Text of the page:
Speaking of the last photo, Johan told me a story about a Chinese lady out on a night safari who was bit in half by a hippopotamus - apparently because it was so upset she snagged a photo of it using flash. I found the story questionable to say the least - until, that is, I saw the size and texture of the pearly-whites on that thing. (!)







Wednesday, February 19, 2014

A Story in Which Wooden Chips Drop From My Lady Parts (and I decide to share more trivial and personal news)

OK, so admittedly that is one misleading headline, because of course no wooden chips have actually dropped from my vag. Instead I dreamt it, and although I once listened to an episode on This American Life where they concluded that no one should ever recount their dreams to other people because, in short, nobody cares!, I will go ahead and tell you anyway. (In part, because Johan always thinks my dreams are so fascinating. Whenever I tell him about a dream I had, he goes: "This is so fascinating, tell me more!")

So, I was in a public bathroom stall, the kind where there's a gap beneath and above the door, and as I rose from the toilet seat and was about to pull up my panties, little wooden chips started to drop from my you know what.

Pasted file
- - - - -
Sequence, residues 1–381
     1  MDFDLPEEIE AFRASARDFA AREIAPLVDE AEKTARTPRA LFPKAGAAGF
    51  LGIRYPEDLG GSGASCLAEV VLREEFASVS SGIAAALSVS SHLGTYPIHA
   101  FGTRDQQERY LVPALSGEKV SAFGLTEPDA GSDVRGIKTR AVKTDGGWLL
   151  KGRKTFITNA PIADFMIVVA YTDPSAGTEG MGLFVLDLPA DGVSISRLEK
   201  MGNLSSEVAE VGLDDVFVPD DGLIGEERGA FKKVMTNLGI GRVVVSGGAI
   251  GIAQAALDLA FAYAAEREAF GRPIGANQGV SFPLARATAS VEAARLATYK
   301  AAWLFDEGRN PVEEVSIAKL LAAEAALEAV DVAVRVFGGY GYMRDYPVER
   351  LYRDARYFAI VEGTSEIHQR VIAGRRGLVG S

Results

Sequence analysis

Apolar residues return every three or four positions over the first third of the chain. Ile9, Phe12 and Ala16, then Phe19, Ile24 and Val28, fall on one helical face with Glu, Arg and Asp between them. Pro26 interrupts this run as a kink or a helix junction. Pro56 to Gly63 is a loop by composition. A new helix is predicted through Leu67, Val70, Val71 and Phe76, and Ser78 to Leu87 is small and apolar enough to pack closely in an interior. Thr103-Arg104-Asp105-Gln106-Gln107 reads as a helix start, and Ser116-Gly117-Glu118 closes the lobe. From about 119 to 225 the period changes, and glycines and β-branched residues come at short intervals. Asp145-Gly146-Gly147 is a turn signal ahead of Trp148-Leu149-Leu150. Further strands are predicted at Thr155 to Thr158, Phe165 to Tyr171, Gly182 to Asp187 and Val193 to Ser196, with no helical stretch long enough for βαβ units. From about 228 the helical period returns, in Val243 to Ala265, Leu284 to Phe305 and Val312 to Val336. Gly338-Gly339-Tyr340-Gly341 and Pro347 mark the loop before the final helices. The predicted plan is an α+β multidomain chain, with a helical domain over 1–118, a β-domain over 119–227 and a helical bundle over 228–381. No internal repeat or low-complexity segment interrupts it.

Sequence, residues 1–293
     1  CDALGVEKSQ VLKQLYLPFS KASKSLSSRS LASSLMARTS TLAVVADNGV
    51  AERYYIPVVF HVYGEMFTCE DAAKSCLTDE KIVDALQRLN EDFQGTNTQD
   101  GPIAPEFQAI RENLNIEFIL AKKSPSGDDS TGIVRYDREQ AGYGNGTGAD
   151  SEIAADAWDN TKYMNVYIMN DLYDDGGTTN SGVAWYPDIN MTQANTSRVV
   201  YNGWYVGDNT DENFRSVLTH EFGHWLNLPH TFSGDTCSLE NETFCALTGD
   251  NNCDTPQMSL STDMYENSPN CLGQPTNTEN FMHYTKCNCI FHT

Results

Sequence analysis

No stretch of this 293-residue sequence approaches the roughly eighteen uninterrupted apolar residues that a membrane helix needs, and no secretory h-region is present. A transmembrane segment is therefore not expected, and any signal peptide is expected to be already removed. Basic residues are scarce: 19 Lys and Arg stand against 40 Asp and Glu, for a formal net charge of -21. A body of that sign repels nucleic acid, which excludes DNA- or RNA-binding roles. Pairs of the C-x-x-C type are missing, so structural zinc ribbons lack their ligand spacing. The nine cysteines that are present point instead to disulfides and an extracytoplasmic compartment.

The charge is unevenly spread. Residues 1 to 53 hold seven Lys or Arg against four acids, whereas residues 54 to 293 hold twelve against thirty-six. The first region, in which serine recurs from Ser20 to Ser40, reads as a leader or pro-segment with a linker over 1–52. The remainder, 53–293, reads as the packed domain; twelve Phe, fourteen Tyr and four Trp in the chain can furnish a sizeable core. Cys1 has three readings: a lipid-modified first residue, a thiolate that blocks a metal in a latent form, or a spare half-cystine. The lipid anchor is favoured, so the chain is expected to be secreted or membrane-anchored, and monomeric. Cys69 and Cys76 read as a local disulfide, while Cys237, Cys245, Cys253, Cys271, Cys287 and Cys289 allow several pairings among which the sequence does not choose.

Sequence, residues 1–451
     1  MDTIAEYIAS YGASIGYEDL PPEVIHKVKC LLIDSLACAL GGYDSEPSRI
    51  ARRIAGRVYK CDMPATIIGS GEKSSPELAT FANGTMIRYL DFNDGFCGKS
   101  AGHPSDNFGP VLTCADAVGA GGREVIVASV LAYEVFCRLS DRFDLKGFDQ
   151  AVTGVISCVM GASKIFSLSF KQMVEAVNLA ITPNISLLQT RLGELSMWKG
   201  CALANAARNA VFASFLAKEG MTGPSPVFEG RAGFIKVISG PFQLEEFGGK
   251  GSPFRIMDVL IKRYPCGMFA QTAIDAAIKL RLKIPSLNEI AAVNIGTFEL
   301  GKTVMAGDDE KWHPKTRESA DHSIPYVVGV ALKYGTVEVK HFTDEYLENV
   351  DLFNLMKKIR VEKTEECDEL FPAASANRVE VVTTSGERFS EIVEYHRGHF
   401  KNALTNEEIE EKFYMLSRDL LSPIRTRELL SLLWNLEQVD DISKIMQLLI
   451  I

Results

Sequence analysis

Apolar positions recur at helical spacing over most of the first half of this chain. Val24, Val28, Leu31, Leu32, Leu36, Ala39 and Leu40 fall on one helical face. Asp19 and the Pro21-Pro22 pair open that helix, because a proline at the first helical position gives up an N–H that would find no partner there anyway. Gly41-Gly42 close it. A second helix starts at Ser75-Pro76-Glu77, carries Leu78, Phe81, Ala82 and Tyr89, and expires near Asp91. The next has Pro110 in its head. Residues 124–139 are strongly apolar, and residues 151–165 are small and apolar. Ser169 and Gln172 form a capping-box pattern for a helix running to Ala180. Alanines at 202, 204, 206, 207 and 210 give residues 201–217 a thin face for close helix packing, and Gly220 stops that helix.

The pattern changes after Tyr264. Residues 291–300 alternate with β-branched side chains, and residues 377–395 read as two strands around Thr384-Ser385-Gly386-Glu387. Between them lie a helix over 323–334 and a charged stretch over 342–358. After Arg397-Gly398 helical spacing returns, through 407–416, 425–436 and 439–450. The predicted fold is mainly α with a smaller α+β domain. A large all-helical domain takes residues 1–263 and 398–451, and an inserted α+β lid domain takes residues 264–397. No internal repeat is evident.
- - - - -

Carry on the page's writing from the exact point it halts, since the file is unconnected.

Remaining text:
As luck would have it, there was a broomstick and a dustpan in said bathroom stall, and seeing I felt a bit awkward about the thought of people outside being able to see all the wooden chips on the floor, I immediately started sweeping it all up and disposing it in the toilet bowl (which, at second thought I probably shouldn't have done because most likely wooden chips are floaters).

 THE END.


So what does this mean, you ask? I have no idea. At one point it occurred to me that it might be a symptom of a semi-conscious worry of being barren or missing my window of child conception. You know, my ovaries drying up and turning into wooden chips and yada yada. It could mean something even more weird, so if you're a dream interpreter by profession, please do not let me know what this means. I think I kinda prefer not to know.

In other news, we have a very beautiful bright red mango at our house, which I think is so fascinating I feel tempted to parade it around our compound and ask everyone: "Will you look at this bright red mango?!" But then I remind myself that to Kenyans, mangoes are pretty much the equivalent of, say, a dinner roll, and thus may not be equally fascinating to them.